By Barbara E. Ochterski
In Buffalo’s Broadway-Fillmore area, the early 1960s were the “glory days.” Today efforts are underway to begin revitalizing this area of significance in our city. It cannot happen soon enough.
Like most native Buffalonians of a certain vintage, my memory bank is stuffed with rich images of the keystone properties of the area: Kobacker’s, Sears, Sattler’s and the magnificent St. Stanislaus and Corpus Christi churches.
I know about this area because I was a “Sattler’s girl.” Dad was the appliance buyer at Sattler’s and I spent a considerable amount of time shopping at “998.” I worked after school in the bustling basement grocery department, selling laundry detergent, tub butter and even shoelaces. However, my most striking memories of the area have less to do with Sattler’s and more to do with the Broadway Market across the street.
At that time the market was the hub of daily life. Vendors operating open-air stalls at the rear of the market offered enticing displays of vegetables, fruit and dairy products. Prominent inside the cavernous first floor was an impressive array of butchers, produce sellers, candy, dairy and cheese vendors, prepared foods, tempting bakeries and convenient restaurant options.
The colorful sights and delectable smells are still evident on a daily basis, but in a more subdued form, with fewer vendors and more empty space. But from early March on through Easter time, the Broadway Market is a distinctly different story. Traditional foods, flowers, wine and novelties are for sale. Crowds of enthusiastic buyers cheerfully compete for sellers’ attention. Should not this positive scene be a weekly occurrence rather than a seasonal event?
In contrast: Our family regularly travels to Cleveland to visit our college-aged grandson. While there, we make a point of shopping at the West Side Market. It is described as “an integral and treasured facet of the neighborhood … and offers a wide variety of fresh meats, cheeses, poultry, seafood, fruits and vegetables … ethnic specialties, prepared foods, flowers and more.” West Side Market boasts of 100 vendor stalls, a busy restaurant and loads of shoppers every day it is open.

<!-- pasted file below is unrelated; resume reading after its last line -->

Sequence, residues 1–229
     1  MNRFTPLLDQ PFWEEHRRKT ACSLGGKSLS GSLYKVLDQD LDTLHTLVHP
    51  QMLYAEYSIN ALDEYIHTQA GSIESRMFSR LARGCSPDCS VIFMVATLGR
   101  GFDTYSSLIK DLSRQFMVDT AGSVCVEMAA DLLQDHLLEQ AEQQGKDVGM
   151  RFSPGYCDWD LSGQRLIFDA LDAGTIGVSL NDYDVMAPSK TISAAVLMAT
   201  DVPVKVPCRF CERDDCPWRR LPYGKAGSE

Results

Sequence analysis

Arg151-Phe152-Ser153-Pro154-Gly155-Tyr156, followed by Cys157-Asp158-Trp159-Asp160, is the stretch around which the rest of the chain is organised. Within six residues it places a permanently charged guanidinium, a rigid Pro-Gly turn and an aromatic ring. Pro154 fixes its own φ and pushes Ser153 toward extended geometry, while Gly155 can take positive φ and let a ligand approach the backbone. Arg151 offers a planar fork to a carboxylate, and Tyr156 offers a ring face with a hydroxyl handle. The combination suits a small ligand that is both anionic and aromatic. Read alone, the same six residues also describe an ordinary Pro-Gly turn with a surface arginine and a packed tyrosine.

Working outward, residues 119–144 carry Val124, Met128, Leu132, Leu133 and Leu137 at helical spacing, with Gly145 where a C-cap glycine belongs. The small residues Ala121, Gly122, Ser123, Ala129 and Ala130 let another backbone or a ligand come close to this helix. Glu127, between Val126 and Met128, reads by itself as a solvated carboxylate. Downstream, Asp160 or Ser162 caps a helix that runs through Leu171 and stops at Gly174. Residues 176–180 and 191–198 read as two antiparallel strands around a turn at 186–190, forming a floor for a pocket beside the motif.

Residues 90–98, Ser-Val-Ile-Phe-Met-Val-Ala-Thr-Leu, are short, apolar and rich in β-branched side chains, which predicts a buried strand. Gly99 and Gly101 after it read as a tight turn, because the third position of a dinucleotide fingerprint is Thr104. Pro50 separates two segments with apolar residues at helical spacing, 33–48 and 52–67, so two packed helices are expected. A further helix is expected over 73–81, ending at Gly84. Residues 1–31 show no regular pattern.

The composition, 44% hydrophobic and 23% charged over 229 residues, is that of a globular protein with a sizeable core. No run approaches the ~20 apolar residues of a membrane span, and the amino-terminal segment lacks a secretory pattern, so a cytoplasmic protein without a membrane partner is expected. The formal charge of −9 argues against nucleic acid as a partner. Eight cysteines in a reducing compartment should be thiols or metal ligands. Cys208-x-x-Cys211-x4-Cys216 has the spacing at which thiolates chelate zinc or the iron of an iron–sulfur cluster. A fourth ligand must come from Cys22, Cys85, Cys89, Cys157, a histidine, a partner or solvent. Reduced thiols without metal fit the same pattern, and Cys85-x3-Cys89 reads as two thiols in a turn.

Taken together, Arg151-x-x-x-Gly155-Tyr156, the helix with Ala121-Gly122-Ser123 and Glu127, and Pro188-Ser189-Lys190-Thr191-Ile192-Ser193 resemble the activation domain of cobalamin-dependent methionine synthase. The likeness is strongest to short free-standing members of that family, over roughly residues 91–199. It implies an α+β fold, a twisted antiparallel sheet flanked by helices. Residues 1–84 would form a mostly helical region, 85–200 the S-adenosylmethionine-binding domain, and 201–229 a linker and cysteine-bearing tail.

So why not the Broadway Market? The cities are similar in many ways: significant ethnic populations, ease of transportation and folks willing to travel to purchase choice foods and ethnic specialties. The Broadway Market is branded with similar descriptors with an emphasis on family-owned businesses. One advantage is that there are about 40 well-regarded vendors already in place. There is a strong Polish heritage, a robust African-American presence and an emerging diverse community of immigrants living, working and shopping in the area. The building appears clean and well kept. Ample parking is a plus.
What will power a renaissance of this Buffalo-born gem in operation since 1888? Possibilities include focusing on increased weekend shopping and even adding limited Sunday hours. Or enticing Southern-style, Middle Eastern and Asian food vendors to set up shop with reduced rental options. Regular and increased advertising regarding the Broadway Market as a year-round tourist destination will create a buzz and may stimulate investment opportunities for the entire area.
Consider the success of Buffalo’s West Side Bazaar in nurturing the “shop locally” movement. It is no longer the ’60s. Broadway-Fillmore will not see a Sattler’s again. However, our city can’t allow a treasure like the Broadway Market to slowly fade away.
Buffalo’s regeneration must include a creative, diverse and expanded community vision for its renaissance.